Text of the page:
Growth rates in low-income countries are expected to rise to 6 per cent in 2020 from 5.4 per cent this year, but that is still not enough to substantially reduce poverty, according to the World Bank (WB).
A number of low-income countries progressed to middle-income status between 2000 and 2018, the remaining low-income countries face steeper challenges to achieving similar progress, the WB said in a report released on Tuesday.
Many are poorer than the countries that made the leap to higher income levels and are fragile, disadvantaged by geography and heavily reliant on agriculture, said the report titled ‘June 2019 Global Economic Prospects: Heightened Tensions, Subdued Investment.’
“Stronger economic growth is essential to reducing poverty and improving living standards,” said World Bank Group President David Malpass.
“Current economic momentum remains weak, while heightened debt levels and subdued investment growth in developing economies are holding countries back from achieving their potential,” he said, adding it is urgent that countries make significant structural reforms that improve the business climate and attract investment.
“They also need to make debt management and transparency a high priority so that new debt adds to growth and investment,” said Malpass.
While almost every economy faces headwinds, the poorest countries face the most daunting challenges because of fragility, geographic isolation, and entrenched poverty, said World Bank Group Vice President for Equitable Growth, Finance, and Institutions, Ceyla Pazarbasioglu.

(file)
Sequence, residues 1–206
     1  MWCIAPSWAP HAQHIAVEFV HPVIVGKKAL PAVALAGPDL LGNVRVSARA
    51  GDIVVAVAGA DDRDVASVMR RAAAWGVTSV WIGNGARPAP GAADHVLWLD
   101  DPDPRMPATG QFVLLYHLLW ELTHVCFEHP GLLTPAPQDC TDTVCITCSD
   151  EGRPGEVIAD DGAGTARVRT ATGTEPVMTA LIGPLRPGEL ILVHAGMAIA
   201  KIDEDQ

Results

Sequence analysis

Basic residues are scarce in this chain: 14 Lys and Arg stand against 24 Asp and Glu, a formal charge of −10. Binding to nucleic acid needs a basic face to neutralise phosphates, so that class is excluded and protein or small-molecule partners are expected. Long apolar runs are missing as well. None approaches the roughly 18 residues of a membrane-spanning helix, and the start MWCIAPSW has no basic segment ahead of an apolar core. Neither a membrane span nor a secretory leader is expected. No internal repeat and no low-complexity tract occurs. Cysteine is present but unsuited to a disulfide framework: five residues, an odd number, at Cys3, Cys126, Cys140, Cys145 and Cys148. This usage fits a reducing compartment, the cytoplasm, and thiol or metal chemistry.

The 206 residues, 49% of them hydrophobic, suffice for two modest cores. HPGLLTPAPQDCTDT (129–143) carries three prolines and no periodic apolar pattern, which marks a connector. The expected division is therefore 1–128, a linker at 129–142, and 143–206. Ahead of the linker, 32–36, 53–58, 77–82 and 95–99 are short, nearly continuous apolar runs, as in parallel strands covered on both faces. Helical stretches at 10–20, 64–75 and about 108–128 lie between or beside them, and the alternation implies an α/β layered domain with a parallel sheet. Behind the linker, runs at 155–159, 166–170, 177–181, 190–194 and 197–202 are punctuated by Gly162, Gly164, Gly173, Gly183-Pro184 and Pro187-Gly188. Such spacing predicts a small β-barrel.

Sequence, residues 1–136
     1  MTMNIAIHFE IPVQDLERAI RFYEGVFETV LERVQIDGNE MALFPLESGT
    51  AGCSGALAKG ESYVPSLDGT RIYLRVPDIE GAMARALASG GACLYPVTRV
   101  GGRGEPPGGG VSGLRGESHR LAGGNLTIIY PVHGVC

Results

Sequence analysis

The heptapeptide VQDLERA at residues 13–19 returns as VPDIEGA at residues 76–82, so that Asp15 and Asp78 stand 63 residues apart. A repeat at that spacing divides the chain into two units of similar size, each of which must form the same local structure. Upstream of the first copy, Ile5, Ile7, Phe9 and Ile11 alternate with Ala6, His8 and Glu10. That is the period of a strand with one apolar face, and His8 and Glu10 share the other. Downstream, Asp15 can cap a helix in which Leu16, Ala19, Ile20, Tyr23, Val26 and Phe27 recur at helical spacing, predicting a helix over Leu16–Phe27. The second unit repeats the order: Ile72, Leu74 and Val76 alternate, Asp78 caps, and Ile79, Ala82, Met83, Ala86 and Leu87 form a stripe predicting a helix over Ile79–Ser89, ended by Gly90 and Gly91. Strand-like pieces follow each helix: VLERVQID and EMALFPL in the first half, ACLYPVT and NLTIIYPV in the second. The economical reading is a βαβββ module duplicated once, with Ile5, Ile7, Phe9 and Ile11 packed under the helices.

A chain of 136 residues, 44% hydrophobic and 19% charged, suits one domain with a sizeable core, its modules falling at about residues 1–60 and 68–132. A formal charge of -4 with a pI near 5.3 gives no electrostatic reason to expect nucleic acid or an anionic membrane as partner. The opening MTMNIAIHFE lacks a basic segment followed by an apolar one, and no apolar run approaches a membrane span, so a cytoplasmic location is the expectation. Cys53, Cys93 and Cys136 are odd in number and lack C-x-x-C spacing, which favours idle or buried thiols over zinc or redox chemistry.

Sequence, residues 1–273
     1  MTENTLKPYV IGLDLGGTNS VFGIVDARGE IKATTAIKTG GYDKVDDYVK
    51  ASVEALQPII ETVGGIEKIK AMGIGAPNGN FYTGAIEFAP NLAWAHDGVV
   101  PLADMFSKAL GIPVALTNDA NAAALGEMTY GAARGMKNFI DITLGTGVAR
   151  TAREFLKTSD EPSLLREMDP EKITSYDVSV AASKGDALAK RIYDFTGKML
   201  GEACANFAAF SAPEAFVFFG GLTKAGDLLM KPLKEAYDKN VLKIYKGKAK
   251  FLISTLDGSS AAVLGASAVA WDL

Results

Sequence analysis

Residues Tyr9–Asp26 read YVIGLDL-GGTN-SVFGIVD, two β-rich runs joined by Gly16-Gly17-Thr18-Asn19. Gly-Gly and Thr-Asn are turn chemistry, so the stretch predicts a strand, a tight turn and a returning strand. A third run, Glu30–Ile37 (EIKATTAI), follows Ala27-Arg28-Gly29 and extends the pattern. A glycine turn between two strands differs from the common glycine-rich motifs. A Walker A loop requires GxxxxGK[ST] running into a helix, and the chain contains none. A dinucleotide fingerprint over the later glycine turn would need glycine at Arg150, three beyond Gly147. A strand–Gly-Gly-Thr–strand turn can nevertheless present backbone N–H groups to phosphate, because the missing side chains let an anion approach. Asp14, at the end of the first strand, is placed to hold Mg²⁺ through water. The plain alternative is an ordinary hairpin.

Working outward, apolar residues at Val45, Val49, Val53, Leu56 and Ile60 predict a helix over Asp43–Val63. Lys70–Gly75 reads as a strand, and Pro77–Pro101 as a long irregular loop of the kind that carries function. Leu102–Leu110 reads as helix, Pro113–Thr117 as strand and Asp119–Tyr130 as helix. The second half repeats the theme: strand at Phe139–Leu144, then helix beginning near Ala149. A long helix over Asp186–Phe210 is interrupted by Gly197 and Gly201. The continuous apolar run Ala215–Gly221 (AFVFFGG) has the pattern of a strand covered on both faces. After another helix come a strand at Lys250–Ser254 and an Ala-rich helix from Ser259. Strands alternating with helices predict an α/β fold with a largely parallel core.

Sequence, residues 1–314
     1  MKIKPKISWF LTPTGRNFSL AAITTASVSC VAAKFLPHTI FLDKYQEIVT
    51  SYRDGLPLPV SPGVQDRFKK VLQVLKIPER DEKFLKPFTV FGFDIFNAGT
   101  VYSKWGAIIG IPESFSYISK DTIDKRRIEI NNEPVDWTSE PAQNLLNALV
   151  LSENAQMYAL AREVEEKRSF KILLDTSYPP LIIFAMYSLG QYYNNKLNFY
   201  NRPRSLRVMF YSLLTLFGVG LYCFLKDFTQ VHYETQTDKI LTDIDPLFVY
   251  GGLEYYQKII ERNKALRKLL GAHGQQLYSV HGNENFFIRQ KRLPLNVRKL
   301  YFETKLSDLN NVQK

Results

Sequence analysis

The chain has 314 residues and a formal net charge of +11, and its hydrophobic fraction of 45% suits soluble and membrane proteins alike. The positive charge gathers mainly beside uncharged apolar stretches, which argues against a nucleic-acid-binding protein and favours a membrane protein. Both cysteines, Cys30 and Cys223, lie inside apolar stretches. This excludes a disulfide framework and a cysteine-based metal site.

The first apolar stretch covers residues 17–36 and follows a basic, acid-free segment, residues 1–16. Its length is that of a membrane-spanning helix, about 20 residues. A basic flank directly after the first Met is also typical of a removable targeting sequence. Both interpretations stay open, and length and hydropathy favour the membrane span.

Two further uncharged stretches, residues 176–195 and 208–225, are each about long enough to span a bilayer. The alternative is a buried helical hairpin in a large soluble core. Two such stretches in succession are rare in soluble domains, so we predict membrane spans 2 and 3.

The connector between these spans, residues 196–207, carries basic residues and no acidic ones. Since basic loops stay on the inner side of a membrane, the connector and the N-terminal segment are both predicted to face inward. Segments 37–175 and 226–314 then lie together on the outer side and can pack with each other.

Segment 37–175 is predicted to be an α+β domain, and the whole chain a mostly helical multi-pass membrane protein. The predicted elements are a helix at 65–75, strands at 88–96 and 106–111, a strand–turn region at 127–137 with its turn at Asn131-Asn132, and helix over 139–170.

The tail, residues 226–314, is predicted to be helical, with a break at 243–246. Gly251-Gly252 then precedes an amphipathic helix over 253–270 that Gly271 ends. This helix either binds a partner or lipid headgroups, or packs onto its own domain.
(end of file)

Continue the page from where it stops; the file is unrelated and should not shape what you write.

“Unless they can get onto a faster growth trajectory, the goal of lowering extreme poverty under 3 per cent by 2030 will remain unreachable,” he said.
On the other hand, said the World Bank report, growth in emerging market and developing economies is expected to stabilise next year as some countries move past periods of financial strain, However, the economic momentum remains weak.
“Emerging and developing economy growth is constrained by sluggish investment, and risks are tilted to the downside. These risks include rising trade barriers, renewed financial stress, and sharper-than-expected slowdowns in several major economies,” it said.
Growth among emerging market and developing economies is projected to fall to a four-year low of 4 per cent in 2019 before recovering to 4.6 per cent in 2020. A number of economies are coping with the impact of financial stress and political uncertainty.
Those drags are anticipated to wane and global trade growth — which is projected to be the weakest in 2019 since the financial crisis a decade ago — is expected to recover somewhat, said the report.